Back in July, I felt August breathing down my neck, urging me to get busy. In years past, August was when all summertime relaxation screeched to a halt for the preparation of home-school lesson plans. And then, school began. The fall home-school feeling had been trained into me from decades of bending to the task. In late July, it pulled me toward long days with my children, studying together. It was time to prepare for the fall!

For twenty-eight years, this was the routine. This was God’s plan for our particular family. Aiming young hearts, souls, and minds toward wisdom, I bent over precious heads, sharing priceless moments as they studied around the table.

But now, the task is complete. There are no lessons to prepare, no schedules to arrange. I am no longer a home-schooling mother. My youngest started college this weekend.

Now my six energetic and precocious children are all grown.

After the last graduation party in May, early summer was a bittersweet time. I cried frequently. One career had ended. Another was beginning. My baby girl, now grown to young womanhood, had been launched, my children all raised. Then, I didn’t know I’d have to mourn again in August and now in September.

Four years earlier, when child number five started his last year of homeschooling, the end had loomed ahead of me, stark on the horizon. At that time, I had felt as if my purpose for living would be over when my task was complete. Once I had raised, reared, and educated these children, from the standpoint of biology, my life’s work would be done.

I had reproduced. I had raised offspring who could support themselves. I was done. Kaput.

The thought was depressing. But God had a better idea.

After having a crowded home of busy children for thirty years, our youngest was my sole student for the last four. While she worked, I wrote. God put it on my heart. It wasn’t my idea. I ran with it. By then, I had been writing bible-study material for three years. I branched out. I tackled fiction.

I had to learn to balance fiction and schooling. The first semester I failed. Then I adapted.

Side by side, my daughter and I worked through the next four years. We studied together, working on joint projects, watching educational lectures, reading material, discussing content and ideas. We traveled for tutoring or group classes. Silently and studiously, we sometimes worked on separate floors—joint scholars.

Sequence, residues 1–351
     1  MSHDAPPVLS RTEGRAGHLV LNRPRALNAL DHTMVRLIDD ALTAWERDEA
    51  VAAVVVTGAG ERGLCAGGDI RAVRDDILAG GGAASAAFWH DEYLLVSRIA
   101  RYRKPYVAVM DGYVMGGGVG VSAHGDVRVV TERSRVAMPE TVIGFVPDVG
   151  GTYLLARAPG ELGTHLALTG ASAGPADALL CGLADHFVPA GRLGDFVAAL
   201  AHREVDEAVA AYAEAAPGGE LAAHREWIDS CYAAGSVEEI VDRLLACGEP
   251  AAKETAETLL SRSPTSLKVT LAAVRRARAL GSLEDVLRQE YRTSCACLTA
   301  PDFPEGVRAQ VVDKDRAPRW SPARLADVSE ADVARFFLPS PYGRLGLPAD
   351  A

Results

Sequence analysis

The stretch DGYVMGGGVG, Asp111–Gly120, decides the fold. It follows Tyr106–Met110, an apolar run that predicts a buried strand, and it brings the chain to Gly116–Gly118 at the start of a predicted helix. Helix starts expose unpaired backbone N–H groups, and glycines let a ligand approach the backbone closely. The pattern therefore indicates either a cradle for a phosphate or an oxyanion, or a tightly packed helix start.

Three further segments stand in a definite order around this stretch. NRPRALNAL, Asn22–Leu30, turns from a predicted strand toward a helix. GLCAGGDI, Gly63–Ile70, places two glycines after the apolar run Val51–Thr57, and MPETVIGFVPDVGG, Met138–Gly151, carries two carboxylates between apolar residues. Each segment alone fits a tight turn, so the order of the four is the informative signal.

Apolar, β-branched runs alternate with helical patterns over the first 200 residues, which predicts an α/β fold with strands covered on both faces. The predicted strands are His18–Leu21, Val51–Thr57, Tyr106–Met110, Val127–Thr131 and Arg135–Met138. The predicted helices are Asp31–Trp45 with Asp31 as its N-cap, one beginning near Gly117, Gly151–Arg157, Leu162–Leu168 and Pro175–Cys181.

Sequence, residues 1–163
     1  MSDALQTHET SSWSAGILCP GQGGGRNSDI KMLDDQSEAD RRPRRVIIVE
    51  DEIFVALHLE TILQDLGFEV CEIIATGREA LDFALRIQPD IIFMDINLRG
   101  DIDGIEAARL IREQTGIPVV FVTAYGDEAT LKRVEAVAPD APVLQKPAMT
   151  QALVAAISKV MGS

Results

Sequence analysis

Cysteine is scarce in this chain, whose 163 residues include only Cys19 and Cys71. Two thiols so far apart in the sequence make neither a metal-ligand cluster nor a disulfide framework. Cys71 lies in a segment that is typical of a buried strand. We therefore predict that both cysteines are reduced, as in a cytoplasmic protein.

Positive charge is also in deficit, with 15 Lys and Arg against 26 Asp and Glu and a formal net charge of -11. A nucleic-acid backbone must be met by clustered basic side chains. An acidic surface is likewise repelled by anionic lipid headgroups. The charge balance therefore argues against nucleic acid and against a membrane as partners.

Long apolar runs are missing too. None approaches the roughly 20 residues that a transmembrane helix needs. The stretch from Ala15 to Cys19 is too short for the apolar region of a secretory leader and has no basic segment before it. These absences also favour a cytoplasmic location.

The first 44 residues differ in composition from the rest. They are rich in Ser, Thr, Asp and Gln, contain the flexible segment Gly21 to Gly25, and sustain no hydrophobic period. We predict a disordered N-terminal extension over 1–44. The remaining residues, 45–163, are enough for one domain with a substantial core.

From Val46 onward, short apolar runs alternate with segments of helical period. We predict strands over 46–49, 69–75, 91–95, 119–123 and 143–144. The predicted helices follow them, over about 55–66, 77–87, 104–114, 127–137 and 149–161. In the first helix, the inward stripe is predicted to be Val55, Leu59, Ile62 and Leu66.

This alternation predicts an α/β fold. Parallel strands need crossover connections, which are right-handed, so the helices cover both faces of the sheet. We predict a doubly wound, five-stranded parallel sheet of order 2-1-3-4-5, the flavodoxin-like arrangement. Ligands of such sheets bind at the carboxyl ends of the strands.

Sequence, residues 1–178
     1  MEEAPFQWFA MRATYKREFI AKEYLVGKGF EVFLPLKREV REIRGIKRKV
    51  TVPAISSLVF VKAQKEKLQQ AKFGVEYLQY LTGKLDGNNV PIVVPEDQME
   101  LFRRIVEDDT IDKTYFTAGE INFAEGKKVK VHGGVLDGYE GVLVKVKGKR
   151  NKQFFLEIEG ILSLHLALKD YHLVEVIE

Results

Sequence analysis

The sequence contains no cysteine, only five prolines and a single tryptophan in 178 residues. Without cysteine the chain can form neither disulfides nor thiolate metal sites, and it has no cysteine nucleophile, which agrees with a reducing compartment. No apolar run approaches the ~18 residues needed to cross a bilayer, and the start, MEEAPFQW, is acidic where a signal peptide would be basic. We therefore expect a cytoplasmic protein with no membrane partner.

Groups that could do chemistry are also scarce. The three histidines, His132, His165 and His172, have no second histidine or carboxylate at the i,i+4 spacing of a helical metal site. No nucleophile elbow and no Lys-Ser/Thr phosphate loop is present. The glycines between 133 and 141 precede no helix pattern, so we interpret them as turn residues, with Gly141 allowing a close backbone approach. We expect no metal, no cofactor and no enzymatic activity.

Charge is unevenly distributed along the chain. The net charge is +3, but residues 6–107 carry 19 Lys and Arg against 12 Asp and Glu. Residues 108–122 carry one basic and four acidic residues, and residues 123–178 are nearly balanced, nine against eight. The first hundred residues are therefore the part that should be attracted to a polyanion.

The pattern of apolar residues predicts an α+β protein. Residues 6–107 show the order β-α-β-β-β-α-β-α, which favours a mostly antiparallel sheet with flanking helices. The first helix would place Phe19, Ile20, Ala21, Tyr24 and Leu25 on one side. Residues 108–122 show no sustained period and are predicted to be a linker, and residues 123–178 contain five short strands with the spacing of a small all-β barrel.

Part of me wishes I had sat and stared at her for four years; but I didn’t think she would enjoy that. She concurs. The writing kept me from obsessing and suffocating.

Through it, God showed me his plan for life’s next season. I can still be used in his kingdom, even though I’m finished raising my large family. Fancy that! My first articles are being published now, and an agent has the manuscript for one of my novels. It’s a good transition.

I am now in a new season. I am learning to yield to the God-ordained seasonal change. Children grow up too fast. I am heartbroken that the childrearing/child-educating phase is over. Yearning for days gone by, I grieve. I loved educating my own children. It’s a tough transition.

I’m glad I made the necessary sacrifices. Glad I cut out the extraneous activities that would have prevented our success. Glad I put their education ahead of my own pursuits. Glad I taught them to think, to be curious, and to pursue excellence. Glad I shaped their lives.

And now I turn, glad to discover God’s plan for the next season. Yes, there is life after homeschooling. What wonders await me up the road? If it’s as glorious as the season I now leave, God’s plans will be wondrous indeed!

“There is a time for everything, and a season for every activity under the heavens” (Ecclesiastes 3:1 NIV).